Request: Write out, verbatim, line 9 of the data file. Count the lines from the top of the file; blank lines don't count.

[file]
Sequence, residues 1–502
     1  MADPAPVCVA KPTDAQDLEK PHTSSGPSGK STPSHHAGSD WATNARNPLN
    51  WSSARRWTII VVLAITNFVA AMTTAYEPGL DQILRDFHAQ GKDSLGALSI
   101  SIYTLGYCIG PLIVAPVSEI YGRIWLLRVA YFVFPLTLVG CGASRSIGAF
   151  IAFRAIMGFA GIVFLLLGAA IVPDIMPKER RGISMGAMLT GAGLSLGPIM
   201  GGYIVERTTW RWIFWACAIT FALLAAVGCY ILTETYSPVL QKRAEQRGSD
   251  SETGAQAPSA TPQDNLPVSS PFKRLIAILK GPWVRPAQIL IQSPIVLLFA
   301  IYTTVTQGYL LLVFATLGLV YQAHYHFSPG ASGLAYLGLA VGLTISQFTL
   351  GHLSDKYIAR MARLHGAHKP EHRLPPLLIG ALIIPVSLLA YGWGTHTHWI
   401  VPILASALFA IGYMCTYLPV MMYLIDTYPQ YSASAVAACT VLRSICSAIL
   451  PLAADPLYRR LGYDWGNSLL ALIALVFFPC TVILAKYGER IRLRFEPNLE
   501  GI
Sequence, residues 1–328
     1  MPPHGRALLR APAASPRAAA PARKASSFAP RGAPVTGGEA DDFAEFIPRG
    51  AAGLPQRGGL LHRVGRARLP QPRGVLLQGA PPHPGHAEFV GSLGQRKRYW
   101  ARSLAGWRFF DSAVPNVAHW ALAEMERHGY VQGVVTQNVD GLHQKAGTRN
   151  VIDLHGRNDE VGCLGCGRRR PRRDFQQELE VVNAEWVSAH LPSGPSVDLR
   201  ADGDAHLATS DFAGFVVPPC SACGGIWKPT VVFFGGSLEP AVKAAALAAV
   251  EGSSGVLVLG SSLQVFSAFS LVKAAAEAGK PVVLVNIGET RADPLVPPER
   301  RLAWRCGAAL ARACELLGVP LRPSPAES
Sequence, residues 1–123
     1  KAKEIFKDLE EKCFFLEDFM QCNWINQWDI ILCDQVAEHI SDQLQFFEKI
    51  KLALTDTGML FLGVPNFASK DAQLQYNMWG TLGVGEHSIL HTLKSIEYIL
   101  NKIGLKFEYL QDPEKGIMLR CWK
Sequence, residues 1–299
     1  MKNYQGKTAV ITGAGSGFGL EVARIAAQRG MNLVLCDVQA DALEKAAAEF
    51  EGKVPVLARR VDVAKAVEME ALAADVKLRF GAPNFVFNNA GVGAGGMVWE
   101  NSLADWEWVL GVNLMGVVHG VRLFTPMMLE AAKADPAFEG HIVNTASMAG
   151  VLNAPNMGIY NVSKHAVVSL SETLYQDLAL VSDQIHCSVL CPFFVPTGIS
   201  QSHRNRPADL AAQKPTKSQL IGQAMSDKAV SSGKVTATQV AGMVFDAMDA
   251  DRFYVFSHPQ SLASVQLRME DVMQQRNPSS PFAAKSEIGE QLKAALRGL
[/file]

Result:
   351  GHLSDKYIAR MARLHGAHKP EHRLPPLLIG ALIIPVSLLA YGWGTHTHWI